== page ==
by Marshall N Klimasewiski
In a fascinating article in The Guardian a while back various writers were asked to recommend a novel they felt had been unfairly overlooked. The list was gloriously eclectic with works from 1759 right up to last year. Peter Ho Davies recommended this début novel from the writer he felt was the best member of a creative writing programme he had shared with Ha Jin and Jhumpa Lahiri amongst others, august company and quite a recommendation from a writer who earned critical and commercial success (with a little help from Richard and Judy) with his own début, The Welsh Girl (next on my list).
On the South-Western tip of Vancouver Island is East Sooke, a rural retreat with rocky beaches and summer cottages. Year round resident Cyrus Collingwood has a close eye on the titular vacationers, stalking outside their homes like a voyeur.
Oh it was such a simple native pleasure to sit here and watch the inside world, just to look into lit windows and be with people there when they were alone.
Occasionally he breaks in to scare them.
He never knew what he would scream--- or he tried not to plan in advance, at any rate. Once he heard himself scream, "Who loves you, baby!" but it had had about the same effect.
At the age of nineteen he has reached the stage where he feels his genius is not fulfilled, it is frustrated in fact by where he lives, his relationship with his father and his growing feelings for his friend Ginny.
He intended to have a future out of spite, as a matter of fact. With a family like his, coming from a place like this, no one would expect it of him, but maybe that was reason enough to keep a vague faith.
The yearly visits of wealthy Americans in happy families throw his discontentment into sharp focus and when he spots the arrival of Nicholas, Samina and their young daughter Hilda his voyeurism begins a chain of events. From his spot in the adjoining woods he is immediately taken by the exotic looking Samina and in a startling moment as she carries her daughter inside she seems to see him too, returning his gaze calmly before walking inside. Cyrus becomes obsessed with the young family and their friends Greg and Laurel, ingratiating himself into their company and becoming almost a playmate to the young girl Hilda, seeing perhaps in all this a way out for himself.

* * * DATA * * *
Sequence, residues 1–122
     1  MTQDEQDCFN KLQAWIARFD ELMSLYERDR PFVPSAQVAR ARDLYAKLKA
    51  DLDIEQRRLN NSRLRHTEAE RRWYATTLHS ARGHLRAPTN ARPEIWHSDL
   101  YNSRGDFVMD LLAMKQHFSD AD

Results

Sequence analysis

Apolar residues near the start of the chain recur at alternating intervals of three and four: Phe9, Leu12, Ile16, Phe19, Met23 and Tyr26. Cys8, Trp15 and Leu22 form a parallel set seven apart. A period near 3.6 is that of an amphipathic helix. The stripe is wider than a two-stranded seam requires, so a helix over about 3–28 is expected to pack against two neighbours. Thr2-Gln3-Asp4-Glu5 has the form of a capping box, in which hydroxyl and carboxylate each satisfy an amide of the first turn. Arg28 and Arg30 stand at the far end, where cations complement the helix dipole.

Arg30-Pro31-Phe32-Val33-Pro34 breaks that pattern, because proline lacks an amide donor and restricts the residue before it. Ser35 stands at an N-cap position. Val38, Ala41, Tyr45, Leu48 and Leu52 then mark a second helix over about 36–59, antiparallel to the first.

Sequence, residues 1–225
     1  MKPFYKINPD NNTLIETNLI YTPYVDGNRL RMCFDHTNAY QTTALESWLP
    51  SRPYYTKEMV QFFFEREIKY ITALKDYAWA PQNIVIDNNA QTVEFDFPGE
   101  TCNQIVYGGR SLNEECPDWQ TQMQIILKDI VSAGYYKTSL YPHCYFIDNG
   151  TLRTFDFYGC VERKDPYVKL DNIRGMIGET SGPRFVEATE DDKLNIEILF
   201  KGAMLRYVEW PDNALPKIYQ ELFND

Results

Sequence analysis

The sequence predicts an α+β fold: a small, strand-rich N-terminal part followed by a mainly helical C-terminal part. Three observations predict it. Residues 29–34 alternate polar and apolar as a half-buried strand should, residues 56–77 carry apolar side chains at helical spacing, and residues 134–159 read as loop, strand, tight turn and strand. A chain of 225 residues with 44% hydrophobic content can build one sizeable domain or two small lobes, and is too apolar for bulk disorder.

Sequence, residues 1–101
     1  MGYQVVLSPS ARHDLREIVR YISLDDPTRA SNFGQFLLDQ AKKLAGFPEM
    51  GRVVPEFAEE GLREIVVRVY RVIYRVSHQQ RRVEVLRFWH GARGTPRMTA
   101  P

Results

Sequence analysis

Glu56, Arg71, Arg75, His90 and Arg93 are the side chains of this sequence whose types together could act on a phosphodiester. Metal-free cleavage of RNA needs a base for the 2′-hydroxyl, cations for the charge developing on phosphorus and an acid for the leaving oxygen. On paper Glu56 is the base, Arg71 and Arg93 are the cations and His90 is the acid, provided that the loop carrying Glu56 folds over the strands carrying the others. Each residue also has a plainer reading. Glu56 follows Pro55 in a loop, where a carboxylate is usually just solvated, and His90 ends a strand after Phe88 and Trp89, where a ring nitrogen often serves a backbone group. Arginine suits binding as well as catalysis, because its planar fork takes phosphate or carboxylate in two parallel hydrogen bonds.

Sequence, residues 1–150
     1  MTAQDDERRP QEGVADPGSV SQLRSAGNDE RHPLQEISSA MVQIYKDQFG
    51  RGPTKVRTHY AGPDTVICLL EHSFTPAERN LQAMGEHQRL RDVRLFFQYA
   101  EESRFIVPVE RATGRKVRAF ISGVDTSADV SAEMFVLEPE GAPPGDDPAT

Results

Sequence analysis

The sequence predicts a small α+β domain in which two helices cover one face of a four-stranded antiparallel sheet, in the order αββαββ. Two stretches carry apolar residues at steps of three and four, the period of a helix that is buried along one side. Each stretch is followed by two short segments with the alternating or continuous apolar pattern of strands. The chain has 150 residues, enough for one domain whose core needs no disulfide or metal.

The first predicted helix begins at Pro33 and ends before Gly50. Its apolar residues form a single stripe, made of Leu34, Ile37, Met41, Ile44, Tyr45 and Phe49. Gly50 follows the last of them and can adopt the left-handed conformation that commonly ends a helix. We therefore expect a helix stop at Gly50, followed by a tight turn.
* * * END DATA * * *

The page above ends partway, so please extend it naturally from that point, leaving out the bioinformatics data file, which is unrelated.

A woman like her---the foreign cottager, Samina was a future in and of herself, with all there'd be to learn about her and to tell her.
The relationships between the four friends are complex too. Greg and Laurel's relationship is in dangerous water and the fact that Nicholas has ostensibly invited Laurel in order to probe his wife to see if anything is wrong in his own relationship only adds to the layers of subterfuge. But then a single event occurs which alters everything. Greg and Nicholas go off for a walk together and when Greg strikes out on his own for an hour or so he returns to the beach to find Nicholas has inexplicably disappeared. The rest of the book deals with the fallout as each of the characters examines the others and themselves as blame and culpability fly around.
This book succeeds on so many levels. It is a complex and psychologically rigorous account of love, friendship and loss. Klimasewiski shows extraordinary skill in creating characters that are flawed in uniquely human ways, not even particularly likeable and yet always intriguing, the slow moving plot compelling. With subtle changes in style he shows each character in relief, each of them convincing, with the female characters perhaps lacking the same detail and development as their partners but there is an unwavering attention to detail which means his supporting cast are well drawn too. The imposing landscape of the island is created with similar skill, the cold and dangerously tidal waters that surround it feeling like a character themselves.
It's difficult to know how to categorize such a novel, which is surely a good thing. It would be unfair and limiting to describe it as a thriller, character study or meditation on the nature of biography or even as all of those things. I've barely scratched the surface of the detail and nuance it contains and can only agree with Peter Ho Davies that this is a novel which shouldn't slip you by.